“I think my favorite part of restoration is laying a brush full of varnish to this wood and seeing it come alive again.” – Ron Markwell
Like most people who love history, I’ve visited many restored homes and sites on the National Register of Historic Places. Reading history from books is one thing, but walking through it always brings it to life in a whole new way.
Over the years I’ve had some pretty incredible experiences touring such places. But this week, I visited a place unlike any other I’ve visited before. It truly was like stepping back into the 1880s.
Welcome to the Allyn Mansion in Delavan, Wisconsin.
For one thing, it’s one of the most meticulously decorated historic homes I’ve ever seen. For another, it’s the exact style and layout of Alethia Grey’s old home, Grey Point, that has been mentioned in Volume One and will figure prominently in Volume Two.
Reference photo time!
The Allyn Mansion was built in 1885 by Alexander Allyn, a prosperous Delavan-area farmer. He had already built an impressive home several blocks away. But when his first wife died, prompting Alexander to marry again, his second wife wanted a home all her own.
I’m guessing from the results that her new husband was not one to “half-do” anything.
For me, my first walk through the home was nothing short of magical. I recognized immediately upon entering through the port cochere that the front hall layout was indeed exactly as I had imagined for Alethia Grey’s family home.
This was one of those strange “foreseeing” moments that I wrote about last week: another instance of the Inner Mentor placing a vision in my head that later turned out to have a real-life match. I took lots of photos and made sketches, too, for the opening pages of Alethia Grey Volume Two.
Another such foreseeing moment happened when I walked into the parlor. There, tucked in a corner just as I had imagined it, was a phonorium: a parlor organ of the exact size and variety (excepting its single vs double keyboard) that Alethia enjoyed in her childhood.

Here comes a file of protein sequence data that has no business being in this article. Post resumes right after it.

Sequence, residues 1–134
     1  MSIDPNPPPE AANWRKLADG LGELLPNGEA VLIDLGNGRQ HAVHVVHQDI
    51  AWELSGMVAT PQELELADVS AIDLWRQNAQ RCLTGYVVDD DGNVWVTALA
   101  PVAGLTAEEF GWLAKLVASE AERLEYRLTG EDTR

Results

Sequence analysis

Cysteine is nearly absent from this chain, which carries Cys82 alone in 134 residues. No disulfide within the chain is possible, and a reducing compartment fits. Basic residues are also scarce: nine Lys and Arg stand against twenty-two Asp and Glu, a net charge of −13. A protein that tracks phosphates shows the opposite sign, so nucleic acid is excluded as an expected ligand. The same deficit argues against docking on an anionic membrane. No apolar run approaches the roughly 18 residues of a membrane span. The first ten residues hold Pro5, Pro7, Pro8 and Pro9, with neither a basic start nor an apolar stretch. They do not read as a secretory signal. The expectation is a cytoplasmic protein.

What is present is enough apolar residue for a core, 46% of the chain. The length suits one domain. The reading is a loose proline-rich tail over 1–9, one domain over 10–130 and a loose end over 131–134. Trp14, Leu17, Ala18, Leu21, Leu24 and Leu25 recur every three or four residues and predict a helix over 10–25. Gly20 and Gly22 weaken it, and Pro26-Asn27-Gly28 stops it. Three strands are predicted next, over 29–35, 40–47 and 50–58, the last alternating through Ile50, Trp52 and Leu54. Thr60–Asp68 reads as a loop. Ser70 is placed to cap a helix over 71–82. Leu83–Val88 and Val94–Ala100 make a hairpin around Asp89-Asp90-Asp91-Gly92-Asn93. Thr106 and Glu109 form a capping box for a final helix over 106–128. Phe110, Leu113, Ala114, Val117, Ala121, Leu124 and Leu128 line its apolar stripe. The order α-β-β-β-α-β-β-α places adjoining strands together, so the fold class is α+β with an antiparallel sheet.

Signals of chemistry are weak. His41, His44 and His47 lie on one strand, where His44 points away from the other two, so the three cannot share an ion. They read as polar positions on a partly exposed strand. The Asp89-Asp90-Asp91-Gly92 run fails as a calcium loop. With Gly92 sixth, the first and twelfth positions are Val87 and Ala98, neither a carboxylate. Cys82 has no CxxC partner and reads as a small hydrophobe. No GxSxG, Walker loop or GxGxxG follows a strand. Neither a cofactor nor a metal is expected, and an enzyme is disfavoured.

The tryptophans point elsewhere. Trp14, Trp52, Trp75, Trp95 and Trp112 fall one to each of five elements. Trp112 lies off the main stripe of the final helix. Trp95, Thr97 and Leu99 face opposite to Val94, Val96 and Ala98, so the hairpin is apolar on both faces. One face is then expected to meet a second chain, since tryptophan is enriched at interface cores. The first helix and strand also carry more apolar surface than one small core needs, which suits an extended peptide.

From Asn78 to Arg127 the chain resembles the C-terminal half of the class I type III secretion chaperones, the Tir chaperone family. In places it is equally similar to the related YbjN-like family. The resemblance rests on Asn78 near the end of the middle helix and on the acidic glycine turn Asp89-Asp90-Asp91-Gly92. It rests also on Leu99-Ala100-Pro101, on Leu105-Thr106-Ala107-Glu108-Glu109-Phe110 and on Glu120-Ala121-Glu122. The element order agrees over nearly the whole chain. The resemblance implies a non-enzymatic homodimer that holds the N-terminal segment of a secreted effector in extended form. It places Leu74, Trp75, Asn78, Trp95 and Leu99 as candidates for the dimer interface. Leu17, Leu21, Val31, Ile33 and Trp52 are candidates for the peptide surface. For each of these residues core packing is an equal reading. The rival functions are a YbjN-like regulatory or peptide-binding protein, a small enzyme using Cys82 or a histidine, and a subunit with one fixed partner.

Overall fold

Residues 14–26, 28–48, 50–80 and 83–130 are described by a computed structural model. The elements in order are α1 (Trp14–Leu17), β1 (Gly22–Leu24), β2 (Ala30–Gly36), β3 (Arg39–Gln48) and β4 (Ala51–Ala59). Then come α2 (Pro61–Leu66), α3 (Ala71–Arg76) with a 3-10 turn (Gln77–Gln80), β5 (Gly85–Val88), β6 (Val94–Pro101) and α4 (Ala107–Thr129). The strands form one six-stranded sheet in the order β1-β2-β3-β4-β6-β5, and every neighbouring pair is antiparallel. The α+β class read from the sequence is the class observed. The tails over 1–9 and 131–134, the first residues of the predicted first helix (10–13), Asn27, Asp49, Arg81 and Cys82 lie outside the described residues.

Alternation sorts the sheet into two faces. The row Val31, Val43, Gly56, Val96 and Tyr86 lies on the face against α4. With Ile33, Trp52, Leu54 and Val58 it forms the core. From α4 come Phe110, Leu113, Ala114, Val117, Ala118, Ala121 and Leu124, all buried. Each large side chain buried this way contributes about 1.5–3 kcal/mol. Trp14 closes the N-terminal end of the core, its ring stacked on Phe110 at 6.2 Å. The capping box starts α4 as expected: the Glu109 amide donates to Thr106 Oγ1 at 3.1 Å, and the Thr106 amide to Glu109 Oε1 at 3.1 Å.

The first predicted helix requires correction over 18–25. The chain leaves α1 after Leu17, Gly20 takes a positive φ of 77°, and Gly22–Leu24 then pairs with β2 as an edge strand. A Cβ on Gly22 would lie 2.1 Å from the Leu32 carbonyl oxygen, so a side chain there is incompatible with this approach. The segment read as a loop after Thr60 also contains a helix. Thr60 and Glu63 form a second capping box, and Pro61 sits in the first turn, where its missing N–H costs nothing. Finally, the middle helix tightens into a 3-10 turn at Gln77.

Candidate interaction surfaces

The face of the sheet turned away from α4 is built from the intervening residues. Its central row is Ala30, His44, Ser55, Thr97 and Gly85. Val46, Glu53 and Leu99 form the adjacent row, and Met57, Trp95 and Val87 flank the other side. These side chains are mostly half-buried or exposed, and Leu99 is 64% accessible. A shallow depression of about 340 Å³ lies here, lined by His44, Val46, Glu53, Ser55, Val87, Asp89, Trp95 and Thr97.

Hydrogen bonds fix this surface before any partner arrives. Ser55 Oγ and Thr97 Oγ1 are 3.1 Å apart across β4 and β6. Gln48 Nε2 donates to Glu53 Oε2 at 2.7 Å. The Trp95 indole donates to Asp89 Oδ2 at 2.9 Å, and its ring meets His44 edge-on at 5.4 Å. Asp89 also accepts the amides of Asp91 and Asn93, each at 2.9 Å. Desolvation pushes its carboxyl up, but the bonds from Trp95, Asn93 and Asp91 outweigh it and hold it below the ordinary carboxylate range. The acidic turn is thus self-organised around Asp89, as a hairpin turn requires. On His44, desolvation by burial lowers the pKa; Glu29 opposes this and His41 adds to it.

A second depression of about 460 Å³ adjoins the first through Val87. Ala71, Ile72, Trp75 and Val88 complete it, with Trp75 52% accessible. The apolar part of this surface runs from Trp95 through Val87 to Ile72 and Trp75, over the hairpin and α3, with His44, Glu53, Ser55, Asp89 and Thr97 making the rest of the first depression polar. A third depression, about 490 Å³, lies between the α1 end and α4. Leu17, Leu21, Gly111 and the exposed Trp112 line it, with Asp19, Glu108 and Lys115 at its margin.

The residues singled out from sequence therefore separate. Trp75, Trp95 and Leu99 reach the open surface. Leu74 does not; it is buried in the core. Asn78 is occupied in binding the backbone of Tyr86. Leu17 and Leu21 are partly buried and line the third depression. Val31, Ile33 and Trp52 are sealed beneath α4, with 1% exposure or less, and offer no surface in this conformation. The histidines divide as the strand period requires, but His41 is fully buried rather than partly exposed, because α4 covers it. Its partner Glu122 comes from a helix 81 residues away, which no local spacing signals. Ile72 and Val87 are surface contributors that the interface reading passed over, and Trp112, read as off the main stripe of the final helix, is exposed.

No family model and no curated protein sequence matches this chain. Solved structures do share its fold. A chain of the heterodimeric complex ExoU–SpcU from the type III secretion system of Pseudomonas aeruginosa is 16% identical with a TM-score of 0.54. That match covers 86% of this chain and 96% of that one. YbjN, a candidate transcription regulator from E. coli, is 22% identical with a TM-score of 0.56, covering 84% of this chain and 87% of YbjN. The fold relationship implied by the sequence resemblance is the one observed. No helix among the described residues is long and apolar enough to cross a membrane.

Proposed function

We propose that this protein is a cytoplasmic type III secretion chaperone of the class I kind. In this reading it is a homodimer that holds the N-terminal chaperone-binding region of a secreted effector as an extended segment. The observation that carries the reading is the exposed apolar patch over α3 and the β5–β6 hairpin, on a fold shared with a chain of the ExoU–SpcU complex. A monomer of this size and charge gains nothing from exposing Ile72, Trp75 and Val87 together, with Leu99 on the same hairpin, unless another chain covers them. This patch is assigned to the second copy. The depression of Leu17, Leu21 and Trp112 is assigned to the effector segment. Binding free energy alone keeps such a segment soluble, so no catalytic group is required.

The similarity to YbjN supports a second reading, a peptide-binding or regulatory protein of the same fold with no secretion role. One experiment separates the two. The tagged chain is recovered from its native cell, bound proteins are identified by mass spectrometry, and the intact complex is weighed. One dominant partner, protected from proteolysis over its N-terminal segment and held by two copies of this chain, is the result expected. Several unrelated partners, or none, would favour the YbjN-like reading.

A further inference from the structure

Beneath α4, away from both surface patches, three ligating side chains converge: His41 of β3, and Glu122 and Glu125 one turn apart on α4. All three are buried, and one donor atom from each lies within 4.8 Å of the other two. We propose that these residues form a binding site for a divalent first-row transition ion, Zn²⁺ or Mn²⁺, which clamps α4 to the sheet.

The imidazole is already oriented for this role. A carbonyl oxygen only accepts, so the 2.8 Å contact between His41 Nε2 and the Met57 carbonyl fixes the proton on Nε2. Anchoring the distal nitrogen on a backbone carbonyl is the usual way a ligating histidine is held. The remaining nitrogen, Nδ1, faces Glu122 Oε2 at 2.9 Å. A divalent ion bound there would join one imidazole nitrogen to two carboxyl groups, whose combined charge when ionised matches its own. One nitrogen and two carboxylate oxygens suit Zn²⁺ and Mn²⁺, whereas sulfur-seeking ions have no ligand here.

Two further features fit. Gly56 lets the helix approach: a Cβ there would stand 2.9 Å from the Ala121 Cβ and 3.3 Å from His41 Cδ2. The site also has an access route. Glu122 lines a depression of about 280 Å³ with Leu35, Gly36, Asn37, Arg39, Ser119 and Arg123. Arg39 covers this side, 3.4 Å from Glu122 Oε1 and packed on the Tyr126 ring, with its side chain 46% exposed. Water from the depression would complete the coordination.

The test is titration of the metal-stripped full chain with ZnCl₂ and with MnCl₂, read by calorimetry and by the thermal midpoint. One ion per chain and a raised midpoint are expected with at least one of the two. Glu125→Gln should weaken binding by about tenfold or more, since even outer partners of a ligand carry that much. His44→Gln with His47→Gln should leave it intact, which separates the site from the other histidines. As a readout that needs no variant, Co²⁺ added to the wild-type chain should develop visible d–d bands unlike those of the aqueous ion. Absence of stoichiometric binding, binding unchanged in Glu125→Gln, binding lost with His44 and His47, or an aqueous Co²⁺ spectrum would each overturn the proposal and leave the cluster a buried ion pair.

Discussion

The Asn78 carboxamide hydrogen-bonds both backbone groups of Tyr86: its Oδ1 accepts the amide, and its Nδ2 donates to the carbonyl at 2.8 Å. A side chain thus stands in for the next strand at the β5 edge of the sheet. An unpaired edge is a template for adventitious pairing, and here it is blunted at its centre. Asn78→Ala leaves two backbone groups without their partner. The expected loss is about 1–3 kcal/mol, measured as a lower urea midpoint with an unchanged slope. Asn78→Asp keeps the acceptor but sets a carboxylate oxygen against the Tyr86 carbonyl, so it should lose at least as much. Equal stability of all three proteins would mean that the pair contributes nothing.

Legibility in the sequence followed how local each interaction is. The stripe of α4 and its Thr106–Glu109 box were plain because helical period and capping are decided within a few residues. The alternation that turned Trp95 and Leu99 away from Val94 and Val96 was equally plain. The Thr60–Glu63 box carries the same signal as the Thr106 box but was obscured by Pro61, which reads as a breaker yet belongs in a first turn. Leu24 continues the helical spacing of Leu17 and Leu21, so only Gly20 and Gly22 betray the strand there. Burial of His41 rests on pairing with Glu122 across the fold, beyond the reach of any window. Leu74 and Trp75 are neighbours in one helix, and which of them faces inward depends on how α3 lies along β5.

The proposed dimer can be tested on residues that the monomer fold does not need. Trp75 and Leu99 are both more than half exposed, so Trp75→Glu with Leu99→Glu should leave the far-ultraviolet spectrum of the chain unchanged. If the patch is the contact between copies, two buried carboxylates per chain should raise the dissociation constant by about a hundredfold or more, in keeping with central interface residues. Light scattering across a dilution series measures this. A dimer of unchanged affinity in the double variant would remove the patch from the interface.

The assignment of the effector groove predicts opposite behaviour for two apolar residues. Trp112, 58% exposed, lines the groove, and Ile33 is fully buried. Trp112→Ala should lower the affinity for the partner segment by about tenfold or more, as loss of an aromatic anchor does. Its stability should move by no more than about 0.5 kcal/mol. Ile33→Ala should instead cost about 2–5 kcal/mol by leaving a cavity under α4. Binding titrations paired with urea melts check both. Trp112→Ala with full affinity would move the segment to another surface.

Seeing it brought me to tears. Ah, how the little details and moments of our lives truly are interconnected! Just like in the best stories, life has set-ups and payoffs.
There is no such thing as a “random detail.”
Walking through the rest of the house, we encountered room after room of stunning period furnishings. The walls have been beautifully recovered, the wood restored to glory. Even the ceilings were carefully papered to period specifications or restored with their original painted designs.
As if that wasn’t wall, our room had its share of historical secrets to share. This suite was original Alexander’s bedroom, connected to his wife’s adjacent suite by a private breezeway that also opened onto the second-story balcony.
While investigating the beautiful old clock on the mantle, Nathan found a note tucked inside. The old-fashioned handwriting shared the story of the clock’s original owners . . . from the 1860s.
(I made a note that Alethia Grey should hide something in a clock. Watch for that detail in the volume to come!)
But perhaps my favorite part of the house was that beautiful balcony on the roof: a part that was nearly torn off when present owner Ron Markwell bought the house with partner Joe Johnson back in the 1970s. They had the balcony rebuilt, and today it hosts elegant afternoon tea, suppers and other intimate events.
I thought immediately of how I could make use of this Alethia Grey Volume Two. Of course, the setting will be moved to a bluff overlooking Lake Michigan . . . but that’s an artist’s prerogative, right?
We came away from the Allyn Mansion with a great appreciation for the 20+ years of passionate care that Ron and Joe put into the home, restoring it and turning it into a bed and breakfast themselves before turning it over to the present B&B manager, Randy Bangs.
Now in his 80s, Ron still lives in the home and sat with us at breakfast, obliging us with stories of secret treasures “unearthed” during the restoration, or the lengths he and Joe went to to obtain period-appropriate furnishings. He spoke of how each piece of restoration brought something else “back to life” in the old house.
It felt to me as if history had been slumbering, and the gentle touch of their oil or paint (or a good stiff scrubbing brush!) had brought the past to its senses, nerve by nerve.
All of which makes me incredibly thankful that there are still those among us who love to bring history to life: who don’t think it a waste to spend money bringing old things back to usefulness instead of just buying new.
The life of the 1880s Allyn family still speaks and breathes through the halls of their home. With all the time and care that Alexander put into building the home in the first place, I think he’d be glad to know it’s still as stunning—and well-loved—as it no doubt was in his day.
Thanks to commitment, dedication and above all, love, history lives on.
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